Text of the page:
What is it?
The Amazon Echo Dot is a tiny Wi-Fi-connected speaker, a smaller version of the Amazon Echo, designed to be used in conjunction with the Alexa app. Alexa is Amazon’s AI personal assistant (like Apple’s Siri, or Google’s ‘OK, Google’); using this, the Echo Dot registers voice commands and can be made to play music, give weather predictions, read recipes, tell jokes, find shops and restaurants, make hands-free phone calls etc. The Alexa software is constantly being updated, so there’s theoretically no end to the Echo Dot’s functions.
The more fiddly bits of the Echo’s set-up and adjustment need to be done via a screen, which means either using a web app on a computer or – much more likely – your smartphone. You’ll also need an Amazon account (obviously).
What’s it like?
The set-up is as simple as plugging in the Echo Dot, downloading the Alexa app (or logging on to the Alexa webpage), and following the instructions. At least, it almost is.
While the app holds your hand through a step-by-step run-through of the basics, giving you the option of setting Alexa as your default assistant, the process is smoother in some places than in others. Certainly, it doesn’t have the totally no-effort feel of, say, an Apple product.
The first hurdle involved connecting it the Wi-Fi, and as you can’t use the Dot until it’s online, this is an unfortunate stalling block. Eventually, we ended up connecting by accident, and there were several other basic features that had me running to the app’s ‘help’ page. Fortunately, most of the answers were there and we rarely had to go running to Google.
Once it’s operational, the Dot immediately demonstrates the most appealing quality of all consumer tech: it’s fun. We recommend having someone else around to help you suss out its capacities, not because doing so is puzzling but because it’s a hoot. Asking questions about anything that comes into your head refreshes the novelty of that now-quotidian thing, the Internet search, even though the only change has been in transferring questions from fingertips to the tip of the tongue.
This enjoyment carries across to playing music. It turns out that requesting songs by name is a far more intuitive action than typing a name into a search bar. It encourages a whimsicality and spontaneity well suited to the sensation of having a particular tune stuck in your head and shouting out ‘Alexa, play Pure Shores by All Saints’ has an enjoyable karaoke feel.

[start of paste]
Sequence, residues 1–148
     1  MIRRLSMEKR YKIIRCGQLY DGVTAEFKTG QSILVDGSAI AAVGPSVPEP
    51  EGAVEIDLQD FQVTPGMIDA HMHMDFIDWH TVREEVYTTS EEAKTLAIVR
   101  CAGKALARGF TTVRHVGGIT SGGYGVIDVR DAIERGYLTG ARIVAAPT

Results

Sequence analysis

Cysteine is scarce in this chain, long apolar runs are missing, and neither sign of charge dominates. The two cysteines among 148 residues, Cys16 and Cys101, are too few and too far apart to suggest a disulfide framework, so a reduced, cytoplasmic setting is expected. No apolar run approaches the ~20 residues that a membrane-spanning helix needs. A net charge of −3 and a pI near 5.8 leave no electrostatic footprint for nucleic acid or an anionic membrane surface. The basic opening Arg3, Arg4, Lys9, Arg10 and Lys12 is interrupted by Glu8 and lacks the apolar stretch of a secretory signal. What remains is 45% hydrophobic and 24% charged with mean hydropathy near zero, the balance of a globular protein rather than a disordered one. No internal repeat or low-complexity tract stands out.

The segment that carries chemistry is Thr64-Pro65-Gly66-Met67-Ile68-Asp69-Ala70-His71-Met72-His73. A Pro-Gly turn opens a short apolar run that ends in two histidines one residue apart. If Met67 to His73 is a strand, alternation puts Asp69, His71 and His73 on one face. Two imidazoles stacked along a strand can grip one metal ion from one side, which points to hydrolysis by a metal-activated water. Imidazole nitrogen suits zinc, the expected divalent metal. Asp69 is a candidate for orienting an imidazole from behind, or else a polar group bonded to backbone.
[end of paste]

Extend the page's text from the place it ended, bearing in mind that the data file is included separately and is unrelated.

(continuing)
The Dot’s speaker is better than the one built into your phone or laptop, but that’s about it. For a sound of any real quality, you’ll need to connect the Dot to another speaker via cable or Bluetooth (thankfully one of the easier things to achieve – and once you’ve successfully paired the two, you only need to say ‘Alexa, connect my speaker’ to link them up again).
For one heart-sinking moment, it seemed as though I’d need an Amazon Music Unlimited account to play anything outside a limited selection, and it was a relief to realise this isn’t the case (after an Internet search, at least – Amazon is keen for you to subscribe you to as many of its services as possible). The Dot can be synced to a Spotify Premium, Apple Music, or Deezer account.
At least in the early stages of use, misrecognition is rife. Music-wise, Alexa is good at playing individual songs or playlists, but for some reason struggles to play specific albums. More generally, a misheard command will trigger odd and curiously determined longueurs, and you’ll find yourself repeatedly barking ‘Alexa, stop!’ as the app rambles on like a drunk aunt at a wedding. After a while, though, you’ll establish a roster of phrases and commands that have the best chance of being successfully registered.
Should I buy one?
The biggest competition for the Amazon Echo Dot is itself: its third generation manifestation is available for purchase and considering that the 2nd-gen version isn’t a perfect product, those wanting the very best of Amazon’s Alexa should think about getting the newest version – or even forking out more for the bigger Echo.
However, the 2nd-gen Dot can still be picked up for a song, and you could do far worse if you’re looking to experiment with the possibilities of a virtual assistant. The chances are good that, even if you don’t end up using every one of its functions (or even if you don’t use it every day), there’ll be at least a couple of features that work their way into your daily habits and become near-indispensable.
What you predominantly use the Dot for will depend on your lifestyle and requirements. One of its more heavily promoted functions is as a fancy light switch, although if you’ve already invested in the ‘smart lighting’ required for this to work, it’s unlikely that you’ll settle for Amazon’s cheapest version of its voice assistant product. After a period of enthusiasm and frustration, we eventually reduced our use of the Dot down to requesting music, reading aloud meal recipes, reminding us of time-specific appointments, asking about the weather and the occasional bit of trivia.
Some people have voiced fears about their privacy, concerned that the Dot’s microphone is always listening in. Less conspiratorially, it is true that Alexa automatically records all your voice commands. You can delete this entire record on the app, or delete the whole day’s worth via voice command (once you’ve enabled that option in the privacy settings).